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UK's Hunt says U.S. green subsidy act a 'very real competitive threat'

LONDON (Reuters) - British finance minister Jeremy Hunt said on Tuesday the United States' Inflation Reduction Act, that promises hundreds of billions of dollars of subsidies to green industries, was a "very real competitive threat".

There are concerns in Europe that the $369 billion of subsidies for electric vehicles and other clean technologies could put companies based on the continent at a disadvantage.

Hunt said after the financial market turmoil of last year, which led former Prime Minister Liz Truss to resign, the government does not have large sums of money to provide similar subsidies.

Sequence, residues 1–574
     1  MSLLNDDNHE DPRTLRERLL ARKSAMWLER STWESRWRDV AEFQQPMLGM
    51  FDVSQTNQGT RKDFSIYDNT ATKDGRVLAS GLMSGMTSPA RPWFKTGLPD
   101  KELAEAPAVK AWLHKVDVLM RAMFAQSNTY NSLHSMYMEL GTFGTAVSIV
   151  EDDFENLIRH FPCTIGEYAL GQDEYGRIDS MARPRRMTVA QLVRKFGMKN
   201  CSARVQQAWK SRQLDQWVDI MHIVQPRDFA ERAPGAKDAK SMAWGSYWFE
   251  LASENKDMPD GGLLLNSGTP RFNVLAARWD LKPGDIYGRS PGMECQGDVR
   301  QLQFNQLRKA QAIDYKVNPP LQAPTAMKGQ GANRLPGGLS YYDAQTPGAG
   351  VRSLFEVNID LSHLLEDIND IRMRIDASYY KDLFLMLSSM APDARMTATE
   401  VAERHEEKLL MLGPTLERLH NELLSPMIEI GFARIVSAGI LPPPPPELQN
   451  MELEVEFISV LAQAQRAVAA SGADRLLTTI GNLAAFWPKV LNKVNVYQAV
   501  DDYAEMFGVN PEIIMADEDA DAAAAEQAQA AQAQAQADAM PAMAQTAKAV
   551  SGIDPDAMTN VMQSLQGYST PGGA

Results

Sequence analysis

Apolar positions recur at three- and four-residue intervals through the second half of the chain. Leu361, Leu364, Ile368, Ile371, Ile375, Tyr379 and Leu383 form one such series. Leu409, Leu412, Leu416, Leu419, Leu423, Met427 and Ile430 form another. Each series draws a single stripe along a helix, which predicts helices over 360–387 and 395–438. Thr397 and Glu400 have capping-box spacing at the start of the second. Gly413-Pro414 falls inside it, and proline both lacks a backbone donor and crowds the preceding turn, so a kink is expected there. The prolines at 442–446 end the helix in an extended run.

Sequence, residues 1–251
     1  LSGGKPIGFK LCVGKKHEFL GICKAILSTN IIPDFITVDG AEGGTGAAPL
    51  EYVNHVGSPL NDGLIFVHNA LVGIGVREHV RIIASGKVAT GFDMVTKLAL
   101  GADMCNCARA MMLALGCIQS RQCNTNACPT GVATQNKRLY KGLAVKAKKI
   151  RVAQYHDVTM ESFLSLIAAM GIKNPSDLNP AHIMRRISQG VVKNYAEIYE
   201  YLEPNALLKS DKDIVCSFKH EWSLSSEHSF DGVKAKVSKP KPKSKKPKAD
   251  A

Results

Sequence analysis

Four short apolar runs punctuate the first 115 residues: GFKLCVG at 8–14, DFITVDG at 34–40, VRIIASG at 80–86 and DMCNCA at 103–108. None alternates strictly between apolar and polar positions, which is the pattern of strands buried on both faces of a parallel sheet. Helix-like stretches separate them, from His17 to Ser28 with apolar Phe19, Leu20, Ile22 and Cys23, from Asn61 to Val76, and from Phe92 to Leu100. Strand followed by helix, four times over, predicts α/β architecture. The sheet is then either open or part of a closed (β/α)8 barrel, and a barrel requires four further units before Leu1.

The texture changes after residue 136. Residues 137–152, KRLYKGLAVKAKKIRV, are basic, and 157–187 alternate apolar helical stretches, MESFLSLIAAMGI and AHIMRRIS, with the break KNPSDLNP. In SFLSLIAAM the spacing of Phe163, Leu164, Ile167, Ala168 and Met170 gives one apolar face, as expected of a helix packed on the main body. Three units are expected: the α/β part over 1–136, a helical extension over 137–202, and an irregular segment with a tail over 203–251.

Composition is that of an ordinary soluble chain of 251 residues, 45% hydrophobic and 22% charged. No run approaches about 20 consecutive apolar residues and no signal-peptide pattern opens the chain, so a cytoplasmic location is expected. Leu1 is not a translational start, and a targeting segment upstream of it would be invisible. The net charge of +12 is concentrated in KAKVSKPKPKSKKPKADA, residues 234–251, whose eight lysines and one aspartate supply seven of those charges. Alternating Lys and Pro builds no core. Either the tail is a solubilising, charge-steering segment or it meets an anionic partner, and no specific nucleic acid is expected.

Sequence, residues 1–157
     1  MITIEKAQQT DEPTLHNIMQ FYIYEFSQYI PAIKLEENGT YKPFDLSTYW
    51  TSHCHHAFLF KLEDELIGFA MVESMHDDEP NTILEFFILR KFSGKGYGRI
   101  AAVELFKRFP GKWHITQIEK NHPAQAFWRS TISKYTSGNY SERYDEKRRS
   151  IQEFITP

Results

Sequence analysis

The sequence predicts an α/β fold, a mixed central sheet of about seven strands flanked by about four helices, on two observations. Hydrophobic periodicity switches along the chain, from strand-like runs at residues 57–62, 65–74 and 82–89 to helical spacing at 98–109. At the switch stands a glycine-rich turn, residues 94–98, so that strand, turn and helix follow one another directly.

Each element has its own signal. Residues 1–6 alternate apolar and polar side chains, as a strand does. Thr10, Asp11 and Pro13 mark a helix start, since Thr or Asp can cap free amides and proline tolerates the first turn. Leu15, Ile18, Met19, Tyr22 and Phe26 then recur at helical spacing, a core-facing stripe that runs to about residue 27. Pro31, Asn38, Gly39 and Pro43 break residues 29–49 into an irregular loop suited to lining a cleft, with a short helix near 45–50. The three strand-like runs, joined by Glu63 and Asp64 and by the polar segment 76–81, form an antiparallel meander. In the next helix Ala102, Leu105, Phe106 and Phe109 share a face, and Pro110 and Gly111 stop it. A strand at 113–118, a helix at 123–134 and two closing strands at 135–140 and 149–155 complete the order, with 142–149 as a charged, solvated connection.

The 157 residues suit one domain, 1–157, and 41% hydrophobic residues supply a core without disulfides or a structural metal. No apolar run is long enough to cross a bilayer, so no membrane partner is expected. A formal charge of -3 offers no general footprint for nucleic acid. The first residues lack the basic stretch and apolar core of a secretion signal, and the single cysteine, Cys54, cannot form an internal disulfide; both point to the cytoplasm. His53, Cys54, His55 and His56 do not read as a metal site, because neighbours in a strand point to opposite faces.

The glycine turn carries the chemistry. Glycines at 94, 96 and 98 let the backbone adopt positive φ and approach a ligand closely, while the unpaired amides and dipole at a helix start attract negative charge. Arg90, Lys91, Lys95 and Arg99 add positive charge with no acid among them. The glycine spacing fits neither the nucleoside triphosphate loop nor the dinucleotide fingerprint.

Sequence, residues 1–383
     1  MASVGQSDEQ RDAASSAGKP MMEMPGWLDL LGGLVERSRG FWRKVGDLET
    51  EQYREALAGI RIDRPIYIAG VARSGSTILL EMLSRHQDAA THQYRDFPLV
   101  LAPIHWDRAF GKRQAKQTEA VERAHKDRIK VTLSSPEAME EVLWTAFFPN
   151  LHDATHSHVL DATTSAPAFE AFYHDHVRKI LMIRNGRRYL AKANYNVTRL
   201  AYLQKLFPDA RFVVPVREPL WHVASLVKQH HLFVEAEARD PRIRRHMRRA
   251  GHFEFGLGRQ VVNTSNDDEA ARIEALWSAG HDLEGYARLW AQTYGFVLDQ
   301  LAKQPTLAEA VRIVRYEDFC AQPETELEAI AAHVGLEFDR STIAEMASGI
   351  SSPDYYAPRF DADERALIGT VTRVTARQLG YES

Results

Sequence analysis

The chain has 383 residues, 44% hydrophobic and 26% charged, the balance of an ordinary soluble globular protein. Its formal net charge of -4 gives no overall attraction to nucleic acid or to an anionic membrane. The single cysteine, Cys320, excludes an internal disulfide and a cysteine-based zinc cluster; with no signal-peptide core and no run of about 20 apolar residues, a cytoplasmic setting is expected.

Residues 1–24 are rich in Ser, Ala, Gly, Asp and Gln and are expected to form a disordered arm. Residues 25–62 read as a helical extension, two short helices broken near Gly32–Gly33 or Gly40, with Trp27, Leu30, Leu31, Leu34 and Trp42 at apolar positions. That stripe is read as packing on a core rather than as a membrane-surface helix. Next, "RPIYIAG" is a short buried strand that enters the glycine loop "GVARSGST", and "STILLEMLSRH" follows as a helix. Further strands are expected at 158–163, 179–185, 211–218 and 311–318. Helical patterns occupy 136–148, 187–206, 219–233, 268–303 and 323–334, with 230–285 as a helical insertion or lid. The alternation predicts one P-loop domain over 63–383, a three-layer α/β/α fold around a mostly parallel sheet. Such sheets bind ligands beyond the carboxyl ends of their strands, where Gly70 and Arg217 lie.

But he said the government would announce in the next few months some policies to help shield companies based in Britain, including looking at unlocking at 5 trillion pounds ($6 trillion) in pension funds to support the industry.

"This is not a time when it's going to be easy for us to access the GDP equivalent of $369 billion," Hunt said, speaking at a green energy conference in London.

"We have to remember in that equation that the U.S. is somewhat coming from behind, because the previous president was not remotely interested in net zero," Hunt said in response to a question on the Inflation Reduction Act.

"So there is some catch-up element in what the U.S. is doing, but it is a very real competitive threat."

Asked when the British government policy response could be announced, Hunt told reporters: "In the next few months, we are not hanging around on this.

He added: "We recognise that it is creating challenges, we don't agree with every aspect of it, but nor do we have any doubt in our ability to compete and so we need to let everyone know what the plan is."

($1 = 0.8259 pounds)

(Reporting by Andy MacAskill and Farouq Suleiman, writing by Sachin Ravikumar; editing by William Schomberg and Emelia Sithole-Matarise)